On a hot Sunday afternoon in Jacksonville’s elegant Cummer Museum, David and Wu Han performed their first of several cycles this season of the complete sonatas for piano and cello by Beethoven. Having presented this program numerous times in recent years – twice at the Aspen Music Festival, in Tokyo, and at Town Hall’s Free for All series – the duo will conclude its performances of the cycle this season with a marathon concert at the new Alice Tully Hall in the spring.
in David’s words…
Cellists, every day, should give thanks to Beethoven for creating his five sonatas, not to mention the three sets of variations, for piano and cello. Would that Mozart, or Haydn, have found similar inspiration to create duos for our two instruments! Wu Han and I have performed the Beethoven cycle ever since we began our duo partnership, and our recording of Beethoven’s complete works for piano and cello was one of the highest priorities for our company, ArtistLed, shortly after its inception.
The scope of this remarkable cycle of works is always fun to talk about, and for those interested in gaining perspective on the project, I invite you to read on.
Beethoven was motivated to compose his sonatas by various personal and commercial interests. The two Op. 5 sonatas, composed in 1796 at the height of his early period, are the first real duos for cello and piano. Previously, composers had written music for solo cello with simple accompaniment, or, in the case of Bach, in the form of a trio sonata, for two voices on the keyboard and one for the cello. But no one had yet treated the combination of cello and piano as a serious opportunity for dialogue, an exchange of musical thoughts, or as a team for which to build engaging, full-form classical works. Beethoven composed these two sonatas for his first (and only) extended concert tour to Berlin, where they were performed in a single evening for king Frederick William, himself an amateur cellist, by Beethoven himself and court cellist Jean-Louis Duport. The first sonata is an openly happy affair, with a dramatic introduction followed by a lively allegro, and then by an even more lively allegro, both instruments pursuing virtuosic heights in a completely equal dialogue.
By the time Beethoven composed his third sonata the year was 1808, and the composer, now having become resigned to his inevitable loss of hearing, had made the transition from from defeated, depressed musician to artistic titan, a force of nature, pouring out one masterpiece after another in this incredible “middle” period of his creative life. Surrounding this heroic sonata are the most popular of Beethoven’s works: the Fifth Symphony, the violin concerto, the Triple Concerto, the “Appassionata”sonata, and the like. The sonata in A major, Op. 69, has long been the standout of the cycle for its immediate accessibility, soaring lines, and heartfelt musical qualities.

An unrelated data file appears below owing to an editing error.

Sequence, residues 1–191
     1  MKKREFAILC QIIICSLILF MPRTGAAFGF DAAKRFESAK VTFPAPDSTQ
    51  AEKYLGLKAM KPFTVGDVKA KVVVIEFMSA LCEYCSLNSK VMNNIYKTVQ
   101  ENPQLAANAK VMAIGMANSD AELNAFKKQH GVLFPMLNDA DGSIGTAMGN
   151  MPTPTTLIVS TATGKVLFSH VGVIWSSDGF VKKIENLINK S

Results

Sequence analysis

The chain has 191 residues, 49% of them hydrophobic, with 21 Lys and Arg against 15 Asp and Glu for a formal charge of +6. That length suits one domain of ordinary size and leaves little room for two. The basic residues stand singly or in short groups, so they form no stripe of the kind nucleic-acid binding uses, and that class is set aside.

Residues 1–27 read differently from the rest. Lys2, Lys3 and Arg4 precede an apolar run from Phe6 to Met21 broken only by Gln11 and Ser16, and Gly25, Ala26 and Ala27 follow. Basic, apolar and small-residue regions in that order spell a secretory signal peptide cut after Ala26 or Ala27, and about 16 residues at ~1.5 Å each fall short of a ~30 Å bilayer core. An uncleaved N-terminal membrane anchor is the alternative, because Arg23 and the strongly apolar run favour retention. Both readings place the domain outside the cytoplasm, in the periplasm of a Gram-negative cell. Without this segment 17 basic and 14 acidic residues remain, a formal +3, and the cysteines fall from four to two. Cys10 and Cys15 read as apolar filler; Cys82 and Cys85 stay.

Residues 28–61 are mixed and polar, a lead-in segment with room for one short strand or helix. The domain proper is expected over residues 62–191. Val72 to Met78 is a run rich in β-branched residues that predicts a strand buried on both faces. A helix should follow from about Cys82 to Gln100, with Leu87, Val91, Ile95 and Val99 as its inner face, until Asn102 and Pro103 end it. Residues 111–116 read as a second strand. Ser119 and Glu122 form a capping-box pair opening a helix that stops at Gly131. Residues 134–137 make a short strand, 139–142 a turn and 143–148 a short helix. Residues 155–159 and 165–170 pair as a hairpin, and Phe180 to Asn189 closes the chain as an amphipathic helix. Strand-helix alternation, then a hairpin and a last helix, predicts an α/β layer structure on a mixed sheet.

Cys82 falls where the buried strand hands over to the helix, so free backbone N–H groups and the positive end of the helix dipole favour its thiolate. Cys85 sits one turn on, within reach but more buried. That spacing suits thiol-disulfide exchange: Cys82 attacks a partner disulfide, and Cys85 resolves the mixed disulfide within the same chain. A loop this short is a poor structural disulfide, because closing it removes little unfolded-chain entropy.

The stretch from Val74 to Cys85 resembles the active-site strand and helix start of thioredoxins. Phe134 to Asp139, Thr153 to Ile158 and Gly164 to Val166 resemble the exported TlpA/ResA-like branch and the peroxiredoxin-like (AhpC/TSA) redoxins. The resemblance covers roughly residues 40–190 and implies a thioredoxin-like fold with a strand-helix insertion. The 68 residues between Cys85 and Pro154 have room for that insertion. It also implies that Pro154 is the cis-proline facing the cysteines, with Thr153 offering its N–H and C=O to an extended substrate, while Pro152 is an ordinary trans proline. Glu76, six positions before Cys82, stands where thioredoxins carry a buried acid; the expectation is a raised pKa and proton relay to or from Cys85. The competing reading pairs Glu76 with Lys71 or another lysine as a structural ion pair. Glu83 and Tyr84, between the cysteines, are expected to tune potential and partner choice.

Beethoven’s compositional output fell off during the decade of roughly 1810 to 1820. Distracted by the legal battle over his nephew Karl, beset by total deafness and unable to play the piano in public, he also grappled with the search for a new style which, against all odds, could convincingly succeed that of his phenomenally popular middle period. One of the first inklings we have of the transcendental music to come from Beethoven’s late period are the two sonatas of Op. 102 from 1815. Composed as a birthday present for his patron, the piano-playing Countess Erdödy, they were premiered by her, and Razumovsky Quartet cellist Josef Linke, at her summer home.
The first of the two, in C major, is a unique creation. The shortest of all five sonatas, it nonetheless has four movements, each of them an amazing creation. The first is composed like a trio sonata, the left and right hands of the piano and the cello trading single lines in a heavenly, blissful and transparent conversation. The mood is rudely interrupted by the appearance of a ferocious allegro, a full sonata-form movement compressed into only a few minutes, in the style of the first movement of the string quartet op. 95. Thereafter follows a written-out improvisation which justifies the numerous reports of Beethoven’s magical extemporaneous playing. A surprise return of the opening movement leads to the joyful finale, a brilliant romp from start to finish.
The second sonata of the set, and the final piano-cello work from Beethoven’s hand, provides the ultimate integration of the two instruments in the culminating fugue, a stupendous piece of work that is a true forerunner to the composer’s great fugues to appear in the “Hammerklavier” piano sonata and the op. 130 string quartet. After a formal but quirky opening allegro, the cycle’s only true slow movement appears, a haunting funeral march, complete with a middle “consolation” section where better times are tenderly recalled. A truly mesmerizing, frighteningly dark return of the first section leads to the daunting fugue, which at times is so dissonant that it sounds like music from the twentieth century. It is a fitting way to close this great cycle, the shortest complete cycle of Beethoven works that exists. One can perform music from Beethoven’s three major styles of composition in a mere two and half hours: a real treat for us, and an incomparable opportunity for listeners as well.